Monday, July 21, 2008

Beat the Pied Ninnies


Warning: The book reviewed here contains Shakespeare: talk of Shakespeare, lines of Shakespeare, performances of Shakespeare. You may think, “UGGHH, man, could there be a more dull thing in a book than old and creaky Shakespeare?” I’ll admit that the old English bard is sometimes confusing. Shakespeare can also be dusty and boring. The plays and their antique language are more often daring, fun, and enlightening. The Wednesday Wars, at its heart, is about learning to love Shakespeare, but it’s also about a lot of other things. This isn’t one of those books that wants to slip you some medicine that’s good for you in something grossly sweet like Tang. Instead, it’s a coming-of-age story with real laughs, compelling conflict, and a good heart.

“Toads, beetles, bats,” Holling Hoodhood grumbles, (yes, quoting old Shakes) facing yet another pickle on the pages of Gary D. Schmidt’s The Wednesday Wars. Holling is constantly jumping from one challenge to another. You’ll jump from page to page, wanting to know how Holling gets himself out of his newest pinch.

The book is set in 1967, a time when wannabe flower children in America’s suburbs were beginning to rebel against their conservative parents. The Vietnam conflict was escalating in Southeast Asia, and everyone in America knew someone personally touched by tragedy. War, the Civil Rights Movement, the dramatic clash of identity and changing American culture was narrated by Walter Cronkite on the CBS Evening News, played out in everyone’s living room, and is vividly depicted in The Wednesday Wars.

The first chapter begins by setting up the conflict suggested by the book’s title. Holling is the only Presbyterian in a seventh-grade class full of Jewish and Catholic kids. On Wednesday afternoons half of his class would leave Camillo Junior High to go to Hebrew school and the other half would go to Catechism at Saint Adelbert’s Catholic Church. That left Holling by his lonesome self with his teacher, Mrs. Baker. In the beginning, both loathed these one-on-one afternoons, yet it’s from this time that Holling is forced to discover some hard earned truths. Mrs. Baker introduces Holling to Shakespeare, and it takes time for Holling to run with it. He’s busy trying to not get slammed by bullies or busses, scheming to stay on the good side of a girl he reluctantly digs, and quietly negotiating some family drama. Delving into the plot much more than that would give away this book’s good tricks and treats. A lot of things happen in The Wednesday Wars. In fact, if there’s anything that takes away from the pleasures of this book it’s that so many things happen to Holling and those around him, at such breakneck speed, that it’s hard to absorb the story in its totality.

Gary D. Schmidt, the author, is an English professor at Calvin College in Michigan. The Wednesday Wars and his book, Lizzie Bright and the Buckminster Boy, both received a Newbery Honor, which is quite a big deal. (You’ve probably seen Newbery Award and Honor books around—they’re the ones in the bookstore embossed with a round silver seal.) The Wednesday Wars is the only book of Schmidt’s that I’ve read, but I just went out and bought Lizzie Bright. All I know is that it has something to do with Maine, which is where this reviewer lives, and that’s all I can write about it at the moment.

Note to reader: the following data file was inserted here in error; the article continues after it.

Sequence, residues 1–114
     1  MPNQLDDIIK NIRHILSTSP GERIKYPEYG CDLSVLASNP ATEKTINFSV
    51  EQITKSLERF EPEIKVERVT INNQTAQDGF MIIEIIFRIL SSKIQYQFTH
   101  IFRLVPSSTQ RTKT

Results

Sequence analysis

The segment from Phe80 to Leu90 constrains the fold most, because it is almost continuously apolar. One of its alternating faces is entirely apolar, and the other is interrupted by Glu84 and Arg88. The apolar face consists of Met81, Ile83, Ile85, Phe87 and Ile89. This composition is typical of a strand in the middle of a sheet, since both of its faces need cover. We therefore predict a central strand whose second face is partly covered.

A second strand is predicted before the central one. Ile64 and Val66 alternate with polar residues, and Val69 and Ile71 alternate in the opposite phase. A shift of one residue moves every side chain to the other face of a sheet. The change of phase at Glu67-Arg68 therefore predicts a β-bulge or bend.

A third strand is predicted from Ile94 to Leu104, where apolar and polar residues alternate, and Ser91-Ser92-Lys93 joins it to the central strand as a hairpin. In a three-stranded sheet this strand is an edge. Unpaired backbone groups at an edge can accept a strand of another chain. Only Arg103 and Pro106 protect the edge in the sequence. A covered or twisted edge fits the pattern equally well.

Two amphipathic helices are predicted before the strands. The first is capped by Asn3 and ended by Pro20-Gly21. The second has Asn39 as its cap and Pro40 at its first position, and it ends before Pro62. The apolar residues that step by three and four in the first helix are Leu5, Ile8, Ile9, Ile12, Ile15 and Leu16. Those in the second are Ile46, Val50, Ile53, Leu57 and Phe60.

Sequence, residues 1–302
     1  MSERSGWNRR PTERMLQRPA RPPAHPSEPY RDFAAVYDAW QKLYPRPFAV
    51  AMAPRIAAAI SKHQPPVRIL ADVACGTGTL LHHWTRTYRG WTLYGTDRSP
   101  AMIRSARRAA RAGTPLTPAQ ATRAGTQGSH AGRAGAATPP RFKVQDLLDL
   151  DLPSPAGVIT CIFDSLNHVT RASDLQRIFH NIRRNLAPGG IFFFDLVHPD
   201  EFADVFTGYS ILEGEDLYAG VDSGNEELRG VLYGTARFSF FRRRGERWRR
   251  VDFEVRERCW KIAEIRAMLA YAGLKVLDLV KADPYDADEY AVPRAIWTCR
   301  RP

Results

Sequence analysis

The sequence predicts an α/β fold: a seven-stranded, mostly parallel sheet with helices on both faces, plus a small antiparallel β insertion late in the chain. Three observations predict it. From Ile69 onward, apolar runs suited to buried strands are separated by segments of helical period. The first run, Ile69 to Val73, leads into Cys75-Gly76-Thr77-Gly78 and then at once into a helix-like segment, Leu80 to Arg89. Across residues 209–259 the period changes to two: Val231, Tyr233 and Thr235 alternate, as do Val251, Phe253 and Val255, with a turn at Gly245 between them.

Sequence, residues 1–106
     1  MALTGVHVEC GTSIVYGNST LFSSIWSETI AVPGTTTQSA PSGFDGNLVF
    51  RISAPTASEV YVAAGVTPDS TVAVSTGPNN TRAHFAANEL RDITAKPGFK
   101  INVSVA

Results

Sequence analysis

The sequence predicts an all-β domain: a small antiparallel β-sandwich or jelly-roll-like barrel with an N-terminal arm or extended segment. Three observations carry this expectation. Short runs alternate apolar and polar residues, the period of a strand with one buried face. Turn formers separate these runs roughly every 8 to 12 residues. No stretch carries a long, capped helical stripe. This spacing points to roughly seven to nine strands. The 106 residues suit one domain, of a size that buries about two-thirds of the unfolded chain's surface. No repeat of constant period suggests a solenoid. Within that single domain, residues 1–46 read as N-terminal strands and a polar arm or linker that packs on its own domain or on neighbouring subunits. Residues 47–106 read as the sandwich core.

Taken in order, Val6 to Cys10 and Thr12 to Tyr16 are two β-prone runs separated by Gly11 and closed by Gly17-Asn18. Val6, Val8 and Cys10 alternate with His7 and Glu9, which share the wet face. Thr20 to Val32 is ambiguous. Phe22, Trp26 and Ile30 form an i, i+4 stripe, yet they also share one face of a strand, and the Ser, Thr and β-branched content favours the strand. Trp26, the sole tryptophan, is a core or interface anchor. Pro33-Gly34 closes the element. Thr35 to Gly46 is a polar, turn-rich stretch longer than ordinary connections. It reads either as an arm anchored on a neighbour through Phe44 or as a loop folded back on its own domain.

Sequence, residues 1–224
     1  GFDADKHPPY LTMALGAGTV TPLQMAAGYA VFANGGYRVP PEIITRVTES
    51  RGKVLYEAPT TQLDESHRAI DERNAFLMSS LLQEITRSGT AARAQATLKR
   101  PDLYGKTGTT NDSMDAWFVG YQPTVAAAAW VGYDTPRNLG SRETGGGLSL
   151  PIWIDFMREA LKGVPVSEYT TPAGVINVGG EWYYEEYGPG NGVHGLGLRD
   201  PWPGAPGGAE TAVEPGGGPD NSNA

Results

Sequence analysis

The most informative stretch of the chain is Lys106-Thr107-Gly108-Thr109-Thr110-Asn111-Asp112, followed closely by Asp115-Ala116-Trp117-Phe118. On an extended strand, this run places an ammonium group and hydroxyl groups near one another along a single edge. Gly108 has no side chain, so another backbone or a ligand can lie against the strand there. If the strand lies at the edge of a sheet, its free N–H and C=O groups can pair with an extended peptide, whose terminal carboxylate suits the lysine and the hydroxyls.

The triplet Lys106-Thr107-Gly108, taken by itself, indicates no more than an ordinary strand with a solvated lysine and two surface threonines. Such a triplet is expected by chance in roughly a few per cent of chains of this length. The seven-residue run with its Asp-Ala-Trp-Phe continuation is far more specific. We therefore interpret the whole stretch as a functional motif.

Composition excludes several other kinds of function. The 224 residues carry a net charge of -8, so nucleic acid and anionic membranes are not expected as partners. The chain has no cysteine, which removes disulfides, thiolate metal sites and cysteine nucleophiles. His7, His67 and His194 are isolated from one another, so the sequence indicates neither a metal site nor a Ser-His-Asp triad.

Of course you’ll learn something by the end of The Wednesday Wars. You’ll learn that the quality of a life without Shakespeare is measurably less than a life lived by accepting the challenge of attempting to understand one of the greatest writers in the English language. You’ll also learn that the themes woven into the fabric of Shakespearian plays are also the things we struggle with now: family, love, comedy, and tragedy. The Wednesday Wars is about rising to the challenge of living a life in full. Reading about Holling Hoodhood’s courageous attempts and many missteps in growing up is well worth your own rise to a life, hopefully, in full. It’s all about beating the pied ninnies. If you want to know what that means, you’ll just have to read the book.


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3 comments:

Kelly Fineman said...

As a diehard Shakespeare fan (and fan of Gary Schmidt), I'd say you did a bang-up job with this review.

Becker said...

I'd also like to recommend the audio version of this book--its wonderful to listen to Holling's Shakspearean curses out loud!

K. M. Johnson said...

Thanks for the comments, Kelly and Becker. I heard a bit of the audio version. At first, I was not a fan of the reader's take on Holling's voice, but then I started to appreciate the reader's enthusiasm and his presentation of other character's voices. All in all, I enjoyed the bit that I heard on the audio cd.